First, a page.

BEIJING (Reuters) - China will unveil food price controls and crack down on speculation in agricultural commodities to contain inflationary pressure that its central bank governor highlighted as a risk on Tuesday.
With consumer prices rising at their fastest pace in more than two years, the National Development and Reform Commission, the country’s top planning agency, is preparing a “one-two punch” of actions to rein in food costs, official media reported.
Such direct intervention would mark an escalation of the government’s efforts to tame inflation and underline its worries over the rapid run-up in food prices.
Possible steps include price controls, subsidies for shoppers, a crackdown on hoarding and price gouging as well as a system whereby mayors are made responsible for a basket of food items, the China Securities Journal reported. Those found speculating on corn or cotton will also be punished severely, it added.
“Price increases, particularly overly rapid food price increases, are the main economic problem faced by the country at present,” the report cited an unidentified source as saying.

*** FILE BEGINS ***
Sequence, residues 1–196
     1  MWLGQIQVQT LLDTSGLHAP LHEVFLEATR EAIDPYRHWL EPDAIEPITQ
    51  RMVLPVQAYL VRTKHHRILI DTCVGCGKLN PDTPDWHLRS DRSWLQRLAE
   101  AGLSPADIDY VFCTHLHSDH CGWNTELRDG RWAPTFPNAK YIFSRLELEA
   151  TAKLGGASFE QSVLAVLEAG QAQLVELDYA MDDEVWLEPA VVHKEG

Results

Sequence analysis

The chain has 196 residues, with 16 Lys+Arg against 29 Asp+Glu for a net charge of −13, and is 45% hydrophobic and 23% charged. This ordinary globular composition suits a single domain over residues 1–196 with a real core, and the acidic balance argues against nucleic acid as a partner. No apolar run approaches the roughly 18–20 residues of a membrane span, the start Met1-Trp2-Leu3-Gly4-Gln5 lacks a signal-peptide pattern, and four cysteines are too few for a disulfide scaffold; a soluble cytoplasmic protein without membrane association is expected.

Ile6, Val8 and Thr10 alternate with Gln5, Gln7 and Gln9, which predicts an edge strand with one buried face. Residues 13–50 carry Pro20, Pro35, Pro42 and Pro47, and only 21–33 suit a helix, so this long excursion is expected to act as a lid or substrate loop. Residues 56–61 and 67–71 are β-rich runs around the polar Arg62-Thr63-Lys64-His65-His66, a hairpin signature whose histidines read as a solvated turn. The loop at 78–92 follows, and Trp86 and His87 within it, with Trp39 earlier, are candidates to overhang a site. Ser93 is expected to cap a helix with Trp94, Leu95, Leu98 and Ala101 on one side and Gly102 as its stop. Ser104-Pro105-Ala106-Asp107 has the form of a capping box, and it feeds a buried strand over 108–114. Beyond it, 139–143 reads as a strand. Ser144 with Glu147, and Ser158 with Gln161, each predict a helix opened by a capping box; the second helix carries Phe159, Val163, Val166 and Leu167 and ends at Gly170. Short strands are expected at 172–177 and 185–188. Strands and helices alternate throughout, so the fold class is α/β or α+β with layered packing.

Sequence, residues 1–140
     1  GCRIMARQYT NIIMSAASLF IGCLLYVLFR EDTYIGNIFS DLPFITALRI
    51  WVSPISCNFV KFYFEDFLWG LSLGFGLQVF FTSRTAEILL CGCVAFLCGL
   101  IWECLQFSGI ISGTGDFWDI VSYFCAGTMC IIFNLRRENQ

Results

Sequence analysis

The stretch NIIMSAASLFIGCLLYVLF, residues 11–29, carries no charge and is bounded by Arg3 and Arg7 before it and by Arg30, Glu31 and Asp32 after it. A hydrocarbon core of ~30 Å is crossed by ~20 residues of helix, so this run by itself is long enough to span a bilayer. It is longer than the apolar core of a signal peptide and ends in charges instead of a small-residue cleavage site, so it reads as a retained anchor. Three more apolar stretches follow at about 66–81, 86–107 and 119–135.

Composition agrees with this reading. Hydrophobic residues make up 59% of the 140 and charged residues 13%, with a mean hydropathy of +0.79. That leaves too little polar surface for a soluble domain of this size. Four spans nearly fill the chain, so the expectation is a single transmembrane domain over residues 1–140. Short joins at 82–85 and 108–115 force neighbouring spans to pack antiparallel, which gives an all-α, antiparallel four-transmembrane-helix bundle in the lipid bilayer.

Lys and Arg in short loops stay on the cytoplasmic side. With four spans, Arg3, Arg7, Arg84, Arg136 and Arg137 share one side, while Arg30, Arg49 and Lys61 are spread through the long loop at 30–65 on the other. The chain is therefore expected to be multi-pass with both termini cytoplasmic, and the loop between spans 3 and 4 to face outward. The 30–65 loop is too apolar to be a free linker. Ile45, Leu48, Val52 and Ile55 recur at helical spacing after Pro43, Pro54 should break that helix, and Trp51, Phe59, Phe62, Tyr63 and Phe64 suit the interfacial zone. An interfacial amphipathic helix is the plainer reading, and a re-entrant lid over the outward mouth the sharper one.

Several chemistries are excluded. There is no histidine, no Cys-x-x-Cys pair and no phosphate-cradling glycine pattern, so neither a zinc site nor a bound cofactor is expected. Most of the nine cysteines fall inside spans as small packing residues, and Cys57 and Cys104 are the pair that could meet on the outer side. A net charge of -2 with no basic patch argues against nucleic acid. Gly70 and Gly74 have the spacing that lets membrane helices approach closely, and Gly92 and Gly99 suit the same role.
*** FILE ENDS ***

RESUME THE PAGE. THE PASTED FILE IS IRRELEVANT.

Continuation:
“The policies that are being considered aim to contain the momentum and will be delivered in combination as a one-two punch,” it added.
Consumer price inflation sped to a 25-month high in October, with prices rising 4.4 percent from a year earlier. Food, which makes up about a third of China’s consumer price index, led the way, climbing 10.1 percent. Non-food items increased just 1.6 percent.
However, unlike past bouts of food inflation in China, there have been no major droughts or diseases to drive up prices this year. Instead, fast money growth appears to be the primary culprit.
At a regular briefing on Tuesday, the commerce ministry pointed its finger at factors beyond China’s borders.
“Imported inflationary pressure has contributed to the big rise in China’s food prices. Global prices of grains, cotton and edible oil have been rising noticeably,” spokesman Yao Jian said. China used food price controls to limited effect when inflation flared up at the end of 2007. With market forces dominant in the agricultural sector, the government struggles to steer the cost of food, though the announcement of controls can help to anchor inflationary expectations.
China’s economy is growing in line with the government’s road map, but price rises are a concern, central bank chief Zhou Xiaochuan said on Tuesday.
“Upward pressure on prices needs to be watched. We will continue to maintain appropriate growth of money and credit,” he said.
Zhou said that a two-speed global recovery posed complex challenges.